How to identify pain in your dog?
As a professional football player, Jamie was no stranger to injuries. Although his strong physical presence tormented many defences, his body was quite prone to picking up small knocks every now and then. In an interview, Jamie’s wife once joked that every time there is a match she prefers Jamie not getting injured instead of scoring a goal. It is because if he gets injured, even the smallest of knocks, he is a different person.
“He’s not a good patient. He gets cranky, complains about the smallest of things and makes my life miserable,” she added.
In order to be able to identify pain, we first need to know what exactly is pain. Pain is an unpleasant sensory and emotional experience that is associated with actual or potential tissue damage.
Pain can be of two types from a duration perspective – acute and chronic. Acute pain is the pain experienced while the damaged tissue is healing while chronic pain lasts beyond the healing process. Dogs can feel pain just like humans, in different parts of their body. They can feel peripheral pain which includes pain in their organs and muscles, skin, joints, bones, etc. Dogs can also feel neuropathic pain in the nerves within their body and spinal cord.
What happens when a dog is in pain?
A dog who is experiencing pain has a different outlook than a dog who is healthy. The brian and body’s priorities change to help the dog heal when the dog is in pain. At that moment, we can notice some changes in their behaviour because pain is influencing the dog. Behaviour will also be affected by severity of the pain. As you can imagine, a dog in no pain, little pain and extreme pain will function in different ways.
A dog might increase resting time to heal
How can you identify pain in your dog?
Daniel Mills et al published a paper in 2020 which stated that 80% of dogs seen by behaviour specialists for undesired behaviours were found to have pain as a contributing factor of that behaviour. So if you feel that your dog’s behaviour is different, there is a possibility that there is pain in the body. There might not always be visual or vocal signs even when the dog is in pain.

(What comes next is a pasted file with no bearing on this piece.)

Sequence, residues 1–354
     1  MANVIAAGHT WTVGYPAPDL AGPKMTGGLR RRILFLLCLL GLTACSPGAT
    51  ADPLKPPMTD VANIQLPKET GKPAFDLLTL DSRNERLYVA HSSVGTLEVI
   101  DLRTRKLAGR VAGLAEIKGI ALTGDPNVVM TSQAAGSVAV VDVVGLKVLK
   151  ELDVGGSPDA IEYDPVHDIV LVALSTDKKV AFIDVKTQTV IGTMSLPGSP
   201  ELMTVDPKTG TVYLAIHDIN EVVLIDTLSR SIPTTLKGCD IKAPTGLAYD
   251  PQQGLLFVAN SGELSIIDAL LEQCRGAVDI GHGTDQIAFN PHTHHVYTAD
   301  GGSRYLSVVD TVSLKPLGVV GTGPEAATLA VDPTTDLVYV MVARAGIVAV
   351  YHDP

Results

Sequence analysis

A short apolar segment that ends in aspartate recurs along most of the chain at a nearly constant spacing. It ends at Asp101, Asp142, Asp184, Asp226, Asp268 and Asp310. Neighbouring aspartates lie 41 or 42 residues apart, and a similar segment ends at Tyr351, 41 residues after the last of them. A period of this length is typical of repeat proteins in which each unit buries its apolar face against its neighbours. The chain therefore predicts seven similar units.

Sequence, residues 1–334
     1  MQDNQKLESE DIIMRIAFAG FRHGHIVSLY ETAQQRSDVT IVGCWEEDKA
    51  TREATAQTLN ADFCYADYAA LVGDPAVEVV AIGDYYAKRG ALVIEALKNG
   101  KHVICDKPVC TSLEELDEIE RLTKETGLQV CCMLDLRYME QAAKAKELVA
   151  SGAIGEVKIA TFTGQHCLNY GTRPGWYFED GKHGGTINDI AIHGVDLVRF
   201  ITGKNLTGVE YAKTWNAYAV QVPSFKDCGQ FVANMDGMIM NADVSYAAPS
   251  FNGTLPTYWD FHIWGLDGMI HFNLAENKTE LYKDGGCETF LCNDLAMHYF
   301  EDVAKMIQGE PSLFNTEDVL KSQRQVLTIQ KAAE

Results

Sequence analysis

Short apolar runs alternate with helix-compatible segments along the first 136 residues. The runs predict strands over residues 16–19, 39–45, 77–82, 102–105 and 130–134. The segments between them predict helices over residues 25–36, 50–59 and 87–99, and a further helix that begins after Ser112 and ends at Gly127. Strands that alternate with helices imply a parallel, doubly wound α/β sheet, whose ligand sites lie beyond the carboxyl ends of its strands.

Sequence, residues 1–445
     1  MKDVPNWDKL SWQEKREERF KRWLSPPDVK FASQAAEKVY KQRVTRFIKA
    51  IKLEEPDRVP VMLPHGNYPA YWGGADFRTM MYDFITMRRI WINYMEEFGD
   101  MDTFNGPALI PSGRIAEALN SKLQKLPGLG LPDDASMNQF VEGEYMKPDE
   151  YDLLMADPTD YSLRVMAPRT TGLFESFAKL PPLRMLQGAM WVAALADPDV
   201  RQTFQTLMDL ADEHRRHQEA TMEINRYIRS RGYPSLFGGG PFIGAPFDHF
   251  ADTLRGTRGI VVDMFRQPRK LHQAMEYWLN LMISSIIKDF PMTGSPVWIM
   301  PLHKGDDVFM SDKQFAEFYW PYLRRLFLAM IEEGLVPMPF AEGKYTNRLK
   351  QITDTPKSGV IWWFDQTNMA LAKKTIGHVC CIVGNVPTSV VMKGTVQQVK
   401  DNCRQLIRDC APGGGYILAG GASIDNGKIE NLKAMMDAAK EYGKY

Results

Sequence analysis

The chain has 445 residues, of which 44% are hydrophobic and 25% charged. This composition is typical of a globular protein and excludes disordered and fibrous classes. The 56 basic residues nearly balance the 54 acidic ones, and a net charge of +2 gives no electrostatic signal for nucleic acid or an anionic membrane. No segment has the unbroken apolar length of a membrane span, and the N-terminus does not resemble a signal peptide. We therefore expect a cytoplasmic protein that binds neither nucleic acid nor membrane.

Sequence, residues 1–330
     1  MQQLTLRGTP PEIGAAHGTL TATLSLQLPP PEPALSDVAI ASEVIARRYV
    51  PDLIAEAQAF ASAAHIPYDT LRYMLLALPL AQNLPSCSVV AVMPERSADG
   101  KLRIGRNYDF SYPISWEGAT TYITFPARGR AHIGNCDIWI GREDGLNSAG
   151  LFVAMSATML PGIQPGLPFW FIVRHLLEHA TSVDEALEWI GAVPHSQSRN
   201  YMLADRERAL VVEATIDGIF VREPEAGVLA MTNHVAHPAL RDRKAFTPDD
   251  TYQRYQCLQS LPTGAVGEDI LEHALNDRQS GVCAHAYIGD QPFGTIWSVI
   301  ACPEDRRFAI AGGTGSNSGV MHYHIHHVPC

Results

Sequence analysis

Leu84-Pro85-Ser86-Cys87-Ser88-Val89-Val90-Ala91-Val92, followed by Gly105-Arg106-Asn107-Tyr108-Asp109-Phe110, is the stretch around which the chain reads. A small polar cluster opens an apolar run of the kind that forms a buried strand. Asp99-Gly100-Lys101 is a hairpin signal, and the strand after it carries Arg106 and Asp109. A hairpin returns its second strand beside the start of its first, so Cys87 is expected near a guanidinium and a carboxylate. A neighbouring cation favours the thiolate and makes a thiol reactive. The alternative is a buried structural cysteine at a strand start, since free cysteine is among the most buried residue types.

Some of the signs to look out for when a dog is in pain are:
- Increase or decrease in sleep
- Changes in movement and play. For example a dog might not want to climb up the stairs or play with another dog or might be hesitant to jump down from the couch
- Changes in appetite
- Might be a bit aloof
- Appear to be more irritated or agitated
- Withdrawing from daily activities which might make the dog look depressed
- Increase of abnormal behaviour such as licking of the paw, nibbling or tail chasing
- Excessive chewing
- Increase in growling and distance increasing signals
- Stiffness in the body
- Tilted head
- Abnormal walking gait
- Sensitivity to touch
There could be some other signs depending on what the dog is going through, where the pain is and how severe it is. But these signs are good indicators that something is wrong and it could be a good time to check with your veterinarian to get to the root cause of the pain.
A dog’s body language can tell us a lot
Understanding your dog’s language helps in knowing what your dog is going through. Nordic International Dog Trainer School’s Level 1 will teach you more about your dog in order to have a happy relationship together. We conduct level 1 multiple times in a year with one of the lectures focusing on pain and behaviour by veterinary behaviourist Dr. Amber Batson. For more details visit www.nordicdogtrainer.com/level-1. In case the registration is closed, please sign up to ensure you get access to the next batch.
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